• Have pre-cooked fillings ready ( you can use frozen veggies if that’s all you have, just saute them in a little olive oil for flavor)
  • Use fresh tomatoes and herbs
  • Use various cheeses of your choice ( cheddar, mozzarella, fresh or shredded, brie, feta, fontina, gouda, you get the picture)
  • Use 6 eggs scrambled with a dash of water from the tap ( I never use milk or cream in my frittatas)
  • Start out by drizzling olive oil in the bottom of your pan, if using onions start out sauteing them first then place your veggies all around the way you want your frittata to look, sort of like painting on a canvas.
  • Pour your scrambled eggs gently over the tops of your veg.
  • Heat should be medium lowish
  • Sprinkle with grated pecorino or parmesan
  • Add some salt and black pepper

Heat up your broiler.

When the eggs start to set a little it’s time for the broiler, so shut the flame off the stove. At this time I like to take some tongs and gently lift up some of my vegetables, otherwise they all get buried under the egg mixture and you won’t have a pretty presentation or see any of the veg popping out.

Next you want to strategically place whatever cheese you’re using all around trying not to bury everything, then add maybe a quick drizzle of olive oil and some more pecorino.

Speaking of broiler, I always finish my frittatas under the broiler, I’m not a flipper, I prefer the presentation you achieve from using the broiler.

One important note; don’t leave the broiler! keep opening the door to see how golden it’s getting, ovens vary so don’t leave the scene! You want a nice golden color from the melted cheese.

Test the center to see if any egg runs, if so put it back in for a few seconds.

Take it out and let it rest for 5 or 10 minutes, garnish with herbs if you like.

Frittatas can be eaten warm, at room temperature, or cold right from the fridge.

To round out the meal even more you can add some crusty bread and a salad.

Enjoy!

Follow me on Instagram to see what else I’m cooking up during the week.

 

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Comments

  1. These are beautiful! I see many frittatas in my future. Thank you for the inspiration.

  2. All of these look wonderful….but now while we have to shelter in place or stay home with limited trips to the grocery store could you suggestion a frittata with simple, easy to acquire ingredients? These are not the shop as usual days. Thank you.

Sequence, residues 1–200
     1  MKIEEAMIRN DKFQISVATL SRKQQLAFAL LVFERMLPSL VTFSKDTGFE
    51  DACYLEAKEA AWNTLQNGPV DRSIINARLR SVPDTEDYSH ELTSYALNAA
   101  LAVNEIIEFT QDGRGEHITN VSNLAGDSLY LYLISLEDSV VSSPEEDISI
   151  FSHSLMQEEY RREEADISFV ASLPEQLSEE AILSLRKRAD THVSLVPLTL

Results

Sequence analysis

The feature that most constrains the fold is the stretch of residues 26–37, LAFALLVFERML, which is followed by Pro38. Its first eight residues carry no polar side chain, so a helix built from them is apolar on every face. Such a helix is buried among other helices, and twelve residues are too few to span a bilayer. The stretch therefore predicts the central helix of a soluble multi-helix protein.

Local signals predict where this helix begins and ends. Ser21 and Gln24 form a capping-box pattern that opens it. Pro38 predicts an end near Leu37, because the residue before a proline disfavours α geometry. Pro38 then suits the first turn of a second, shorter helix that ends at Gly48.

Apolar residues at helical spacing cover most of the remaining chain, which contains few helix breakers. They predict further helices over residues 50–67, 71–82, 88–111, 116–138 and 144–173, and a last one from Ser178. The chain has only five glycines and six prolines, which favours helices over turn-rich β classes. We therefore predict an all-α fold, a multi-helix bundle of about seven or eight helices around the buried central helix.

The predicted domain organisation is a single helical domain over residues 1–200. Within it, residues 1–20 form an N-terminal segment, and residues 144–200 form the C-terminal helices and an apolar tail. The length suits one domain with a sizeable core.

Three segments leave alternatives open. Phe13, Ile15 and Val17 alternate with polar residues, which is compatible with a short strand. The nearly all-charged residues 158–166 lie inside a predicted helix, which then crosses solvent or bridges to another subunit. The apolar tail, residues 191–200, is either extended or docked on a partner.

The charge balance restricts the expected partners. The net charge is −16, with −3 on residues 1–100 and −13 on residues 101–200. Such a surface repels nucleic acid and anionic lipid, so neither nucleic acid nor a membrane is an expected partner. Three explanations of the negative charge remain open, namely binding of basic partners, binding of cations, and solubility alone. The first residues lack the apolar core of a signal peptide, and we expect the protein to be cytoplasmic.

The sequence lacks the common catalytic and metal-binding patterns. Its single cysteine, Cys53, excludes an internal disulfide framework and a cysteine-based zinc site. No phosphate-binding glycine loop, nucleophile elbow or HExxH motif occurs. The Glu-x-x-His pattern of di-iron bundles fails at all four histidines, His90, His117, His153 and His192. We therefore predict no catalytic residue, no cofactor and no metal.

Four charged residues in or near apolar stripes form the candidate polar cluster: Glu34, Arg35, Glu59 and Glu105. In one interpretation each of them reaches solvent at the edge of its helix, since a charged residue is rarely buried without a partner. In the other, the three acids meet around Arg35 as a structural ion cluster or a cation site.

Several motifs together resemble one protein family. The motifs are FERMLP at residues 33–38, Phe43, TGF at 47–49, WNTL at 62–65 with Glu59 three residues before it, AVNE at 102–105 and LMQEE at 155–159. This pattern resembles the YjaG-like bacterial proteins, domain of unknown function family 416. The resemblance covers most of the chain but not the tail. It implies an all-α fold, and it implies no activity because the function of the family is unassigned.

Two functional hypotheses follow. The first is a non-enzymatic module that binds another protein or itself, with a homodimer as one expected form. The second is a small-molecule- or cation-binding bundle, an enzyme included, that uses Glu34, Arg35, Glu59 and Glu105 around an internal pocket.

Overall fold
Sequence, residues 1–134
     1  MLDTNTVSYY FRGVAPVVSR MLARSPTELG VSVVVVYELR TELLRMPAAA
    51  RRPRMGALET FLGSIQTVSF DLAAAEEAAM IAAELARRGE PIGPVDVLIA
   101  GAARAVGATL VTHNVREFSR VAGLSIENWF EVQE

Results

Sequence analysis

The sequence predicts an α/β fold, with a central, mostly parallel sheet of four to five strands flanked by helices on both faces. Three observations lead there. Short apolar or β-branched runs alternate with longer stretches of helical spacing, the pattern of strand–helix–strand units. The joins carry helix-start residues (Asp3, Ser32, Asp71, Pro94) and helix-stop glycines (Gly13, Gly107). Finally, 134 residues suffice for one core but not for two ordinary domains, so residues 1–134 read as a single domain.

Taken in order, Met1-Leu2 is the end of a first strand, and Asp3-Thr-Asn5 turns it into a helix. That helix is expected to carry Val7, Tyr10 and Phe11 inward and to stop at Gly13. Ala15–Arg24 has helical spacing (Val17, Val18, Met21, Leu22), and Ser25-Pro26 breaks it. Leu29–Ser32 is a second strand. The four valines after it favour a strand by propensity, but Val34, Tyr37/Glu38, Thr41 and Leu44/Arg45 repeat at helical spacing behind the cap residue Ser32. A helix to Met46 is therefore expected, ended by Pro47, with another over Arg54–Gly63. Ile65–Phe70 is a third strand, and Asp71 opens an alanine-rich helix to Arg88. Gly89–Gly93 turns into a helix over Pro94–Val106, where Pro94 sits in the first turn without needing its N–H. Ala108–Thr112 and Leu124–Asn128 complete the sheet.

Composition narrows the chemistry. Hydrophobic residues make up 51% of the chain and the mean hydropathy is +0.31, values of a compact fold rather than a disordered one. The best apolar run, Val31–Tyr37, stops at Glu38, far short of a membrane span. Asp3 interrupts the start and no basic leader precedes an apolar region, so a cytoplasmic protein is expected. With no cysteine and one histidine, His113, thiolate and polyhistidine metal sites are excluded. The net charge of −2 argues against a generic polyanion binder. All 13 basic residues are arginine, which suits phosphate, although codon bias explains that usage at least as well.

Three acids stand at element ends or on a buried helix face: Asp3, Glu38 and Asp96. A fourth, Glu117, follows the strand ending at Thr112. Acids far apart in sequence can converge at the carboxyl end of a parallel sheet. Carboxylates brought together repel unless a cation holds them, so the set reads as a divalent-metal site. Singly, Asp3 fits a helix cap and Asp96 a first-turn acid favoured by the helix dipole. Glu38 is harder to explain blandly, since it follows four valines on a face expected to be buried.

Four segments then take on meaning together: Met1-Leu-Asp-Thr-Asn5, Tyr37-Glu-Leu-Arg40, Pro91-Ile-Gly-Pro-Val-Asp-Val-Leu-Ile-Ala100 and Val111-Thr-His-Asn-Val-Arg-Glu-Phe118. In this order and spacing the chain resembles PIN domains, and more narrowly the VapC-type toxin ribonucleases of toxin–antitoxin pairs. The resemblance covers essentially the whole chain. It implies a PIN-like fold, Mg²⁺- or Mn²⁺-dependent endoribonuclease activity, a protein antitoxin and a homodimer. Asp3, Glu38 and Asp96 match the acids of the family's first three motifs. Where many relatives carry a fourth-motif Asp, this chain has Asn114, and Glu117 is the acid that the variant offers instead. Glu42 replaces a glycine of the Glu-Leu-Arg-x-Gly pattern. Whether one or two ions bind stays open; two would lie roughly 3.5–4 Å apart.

• Dee, the whole reason for this post is to encourage you to use up what you have. Frozen veggies or fresh, a little bit of this and that. None of these frittatas use a great amount of anything, one pepper, a few cherry tomatoes, a couple of mushrooms. It’s meant to inspire you to use what you have on hand and to create a hearty meal for your family.

  3. What a wonderful post. I love frittatas and anything eggy. I can now call you the Frittata queen and dub you as such! So many tasty ideas. My mamma always loved making her asparagus frittata in the spring. I know what I’m having for brunch on Sunday. How are you coping?

  4. Wonderful frittata combinations, Marie! My husband uses a plate to flip them, so I let him do that part. Whenever I try to broil them they burn. I guess my electric oven broiler is too hot. I love an asparagus and mushroom combination, and sometimes we add leftover pasta to our frittatas–it is so good!

  5. I love frittatas, too but it’d been a while since I’d made one. But now that I’m cooking more often than ever, they’ve become a staple in our diet once again. Their versatility is truly amazing.

  6. Eileen Kostock says

    What a great post! I can’t wait to try all of these frittatas; they are all so beautiful. First on my list is the prosciutto one. Then the spring one, then the summer one with tomatoes, then the asparagus one, then the broccoli one, then the brussels sprout one, then the….lol. You are so creative. I love all your ideas and can’t wait to try them all. Frittata was always the dinner my brother Skip would request whenever he stayed with me. He even had me teach him how to make a frittata, so he could make them at home. And we always had a simple side salad of cherry tomatoes with a vinaigrette dressing. Thanks for the sweet memories and the delicious inspirations!

  7. Enjoyed reading this! We have frittata quite often too. I find it is a way to use up leftovers and get my husband to eat veggies.
    My mom used to make an asparagus frittatas all the time. Yours always look so vibrant! Have a Happy Easter and Stay Safe!